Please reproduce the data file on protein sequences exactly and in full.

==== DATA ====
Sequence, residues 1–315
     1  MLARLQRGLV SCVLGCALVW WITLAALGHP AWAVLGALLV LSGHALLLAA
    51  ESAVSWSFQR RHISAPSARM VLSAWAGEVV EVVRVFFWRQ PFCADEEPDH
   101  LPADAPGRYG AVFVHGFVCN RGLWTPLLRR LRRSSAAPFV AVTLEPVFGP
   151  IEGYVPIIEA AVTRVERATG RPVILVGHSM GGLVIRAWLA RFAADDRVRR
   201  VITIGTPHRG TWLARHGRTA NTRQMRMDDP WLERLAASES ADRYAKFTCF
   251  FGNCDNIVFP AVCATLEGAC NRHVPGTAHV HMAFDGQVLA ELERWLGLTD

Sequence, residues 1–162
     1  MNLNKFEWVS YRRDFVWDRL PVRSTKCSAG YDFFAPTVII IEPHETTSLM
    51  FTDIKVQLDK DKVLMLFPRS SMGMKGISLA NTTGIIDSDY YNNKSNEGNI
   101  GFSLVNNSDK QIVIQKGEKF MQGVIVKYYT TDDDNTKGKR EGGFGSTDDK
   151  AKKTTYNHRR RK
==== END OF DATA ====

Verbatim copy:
Sequence, residues 1–315
     1  MLARLQRGLV SCVLGCALVW WITLAALGHP AWAVLGALLV LSGHALLLAA
    51  ESAVSWSFQR RHISAPSARM VLSAWAGEVV EVVRVFFWRQ PFCADEEPDH
   101  LPADAPGRYG AVFVHGFVCN RGLWTPLLRR LRRSSAAPFV AVTLEPVFGP
   151  IEGYVPIIEA AVTRVERATG RPVILVGHSM GGLVIRAWLA RFAADDRVRR
   201  VITIGTPHRG TWLARHGRTA NTRQMRMDDP WLERLAASES ADRYAKFTCF
   251  FGNCDNIVFP AVCATLEGAC NRHVPGTAHV HMAFDGQVLA ELERWLGLTD

Sequence, residues 1–162
     1  MNLNKFEWVS YRRDFVWDRL PVRSTKCSAG YDFFAPTVII IEPHETTSLM
    51  FTDIKVQLDK DKVLMLFPRS SMGMKGISLA NTTGIIDSDY YNNKSNEGNI
   101  GFSLVNNSDK QIVIQKGEKF MQGVIVKYYT TDDDNTKGKR EGGFGSTDDK
   151  AKKTTYNHRR RK